-

The Observer is a Student-run, daily print & online newspaper serving Notre Dame & Saint Mary's. Learn more about us.

-

archive

Unique nose guard Irish Chocolate becomes leader

Mike Monaco | Thursday, November 21, 2013

Louis Nix has grown.

Literally, he has shrunk a half-inch and eight pounds since his freshman season, but the defensive tackle has developed into a mature and professional senior.

“If you had to pick one guy on the team that’s grown the most over his career, but I think more importantly over the last year, I think for me it would be him,” Irish graduate student left tackle Zack Martin said.

In 2012, Irish coach Brian Kelly described his initial impressions of the then-6-foot-3, 350-pound freshman Nix. 

“This big mammoth of a man who had a kid-like personality,” Kelly said at the time.

But as a junior, Nix evolved.

“He’s just added a lot of maturity to that kid-like personality,” Kelly said.

During that junior campaign and early in his senior season, Nix acknowledged as much. In September, he said the maturity simply “came as the years went by.” Nix said he simply “got better at it.” On the field, the 6-foot-2.5, 342-pounder stepped up as well, focusing more on his professionalism.

“I think I’ve always been decent at practicing and stuff, but I had to take it to another level,” Nix said at the time. “People consider me an All-American and I’ve got to practice and play like one, so I try to keep my intensity up.”

Practicing and playing with the focus and drive of a senior leader was the culmination of a four-year process for Nix, who always had the physical ability. Nix joined Notre Dame in 2010 as ESPN’s No. 64 overall recruit in the nation and the sixth-best defensive tackle. After redshirting his freshman season, Nix has been a regular starter and double-team demander at nose tackle in Irish defensive coordinator Bob Diaco’s 3-4 defensive scheme.

“[He has] always [been] a great player – nobody ever questioned how he played on the field,” Martin said. “Kind of the last year the leadership role he’s stepped into and taken and the example he has set has been awesome to see and he’s really brought more than just being a great football player to this team.”

Nix is known as the fun-loving Irish Chocolate. He’s a quotable character to the local media and he’s a mainstay on social media. Nix’s Twitter account, @1IrishChocolate, is nearing 30,000 followers. His YouTube page has more than 1,600 subscribers and 300,000 views. But perhaps not coincidentally, Nix’s involvement on social media has decreased as his maturity and professionalism have increased. The last video he uploaded to YouTube was Aug. 31, 2012, the day before Notre Dame’s season-opener against Navy in Dublin, Ireland.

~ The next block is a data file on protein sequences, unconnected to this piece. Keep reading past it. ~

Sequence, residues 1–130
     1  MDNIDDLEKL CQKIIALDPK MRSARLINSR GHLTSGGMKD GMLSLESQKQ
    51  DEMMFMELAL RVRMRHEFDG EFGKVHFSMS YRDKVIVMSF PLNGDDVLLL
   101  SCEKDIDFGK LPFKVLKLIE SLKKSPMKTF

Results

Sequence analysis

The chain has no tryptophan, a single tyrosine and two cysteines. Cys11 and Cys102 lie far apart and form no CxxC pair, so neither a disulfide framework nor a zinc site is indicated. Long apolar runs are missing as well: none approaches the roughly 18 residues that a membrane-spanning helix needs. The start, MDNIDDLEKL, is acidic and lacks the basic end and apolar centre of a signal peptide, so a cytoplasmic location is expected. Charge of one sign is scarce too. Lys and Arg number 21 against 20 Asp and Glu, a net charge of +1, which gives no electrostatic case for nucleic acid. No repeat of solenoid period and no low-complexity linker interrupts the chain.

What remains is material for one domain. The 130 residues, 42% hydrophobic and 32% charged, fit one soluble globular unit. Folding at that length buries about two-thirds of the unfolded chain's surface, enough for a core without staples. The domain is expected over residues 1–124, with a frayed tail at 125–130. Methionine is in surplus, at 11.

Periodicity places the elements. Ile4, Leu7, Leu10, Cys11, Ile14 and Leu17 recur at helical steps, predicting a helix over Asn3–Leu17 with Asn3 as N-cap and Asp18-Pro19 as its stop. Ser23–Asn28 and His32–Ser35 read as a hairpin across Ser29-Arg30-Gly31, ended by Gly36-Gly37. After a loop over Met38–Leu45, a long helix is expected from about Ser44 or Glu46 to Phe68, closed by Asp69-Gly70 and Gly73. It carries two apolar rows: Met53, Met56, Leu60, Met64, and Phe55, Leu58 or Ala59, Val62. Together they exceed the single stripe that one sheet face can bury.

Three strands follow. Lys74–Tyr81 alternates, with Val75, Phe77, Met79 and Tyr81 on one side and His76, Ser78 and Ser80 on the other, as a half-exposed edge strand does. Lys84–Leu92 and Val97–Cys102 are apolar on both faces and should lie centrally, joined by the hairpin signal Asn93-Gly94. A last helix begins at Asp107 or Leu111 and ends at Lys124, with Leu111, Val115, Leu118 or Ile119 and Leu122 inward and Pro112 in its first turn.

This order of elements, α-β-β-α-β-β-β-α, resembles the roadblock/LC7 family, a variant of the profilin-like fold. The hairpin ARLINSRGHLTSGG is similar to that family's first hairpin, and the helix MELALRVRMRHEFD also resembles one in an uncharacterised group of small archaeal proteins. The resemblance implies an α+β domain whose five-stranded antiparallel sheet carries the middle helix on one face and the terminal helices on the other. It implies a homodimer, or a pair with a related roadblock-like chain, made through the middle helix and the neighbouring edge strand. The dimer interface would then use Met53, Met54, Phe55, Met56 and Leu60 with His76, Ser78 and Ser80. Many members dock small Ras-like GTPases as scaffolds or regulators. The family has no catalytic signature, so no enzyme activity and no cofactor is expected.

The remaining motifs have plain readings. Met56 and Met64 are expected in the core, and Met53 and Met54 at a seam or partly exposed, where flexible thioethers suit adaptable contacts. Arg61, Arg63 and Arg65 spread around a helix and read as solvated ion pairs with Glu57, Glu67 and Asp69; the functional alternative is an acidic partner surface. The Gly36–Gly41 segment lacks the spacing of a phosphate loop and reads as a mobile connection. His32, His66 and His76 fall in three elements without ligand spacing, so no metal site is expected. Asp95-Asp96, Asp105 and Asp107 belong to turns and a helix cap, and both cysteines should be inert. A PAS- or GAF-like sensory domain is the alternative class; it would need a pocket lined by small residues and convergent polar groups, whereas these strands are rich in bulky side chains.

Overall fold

Nix’s classmate, senior cornerback Bennett Jackson, said over the years the nose tackle’s “people skills” stand out the most. 

“He’s really matured as a person and a player and a teammate,” Jackson said. “He’s really supportive to his teammates. He helps out a lot of the younger guys all the time. He’s just grown as a person overall.”

 

Making it work

Louis Nix has always been different.

Growing up in Jacksonville, Fla., those close to him recognized he was different – different from the friends who Nix admitted did “stupid stuff,” different from others in his community who didn’t “make it” because there were always people pulling them back and telling them “they can’t do it.”

“But me? That’s not me, man,” Nix said. “I just like to keep moving forward and be different. I feel like I am a different kind of guy.”

Nix was different, but that’s not to say he didn’t deal with what he acknowledged were his own “original misgivings.”

“I had a lot in my life to deal with,” Nix said. “Growing up, my brother got killed. I had cousins die in car accidents. I had classmates get shot and killed. I’ve been through a lot in my life. I don’t let that hold me back. I just keep pushing forward and just try to make life happy. I just like to make people smile and smile myself.”

That smile-seeking personality – the same one to which Jackson referred – has always been present, Nix said, and it helped him reach Notre Dame, making him one of the first people in his family to attend college.

“My personality has always been Louis. I’ve always had Irish Chocolate in me,” he said. “It just took me to get here to bring it out. I think I’ve always been different and I think they saw that. I think everybody saw me having an opportunity to go out and do something special with myself because a lot of people from my area don’t. I think they just wanted me to be one of those guys to make it out.”

Those who helped him along the way – cousins, brothers and aunts, even the friends who did “stupid stuff,” according to Nix – “kept him in line.”

“They pushed me to do the right things and that’s why I’m here now,” Nix said.

But it wasn’t always easy right away for Nix at Notre Dame. He sat out his freshman season and didn’t travel to road games. Following his sophomore campaign, in which he started 11 games and tallied 45 tackles and 4.5 tackles for loss, he admittedly battled homesickness. Nix went so far as to tweet “Hopping on the Delta and might never come back,” soon after former Irish defensive end and fellow Florida native Aaron Lynch left the program.

But Nix was different, and he stayed at Notre Dame. Now, he’s a projected first-round pick in line to be able to graduate in December.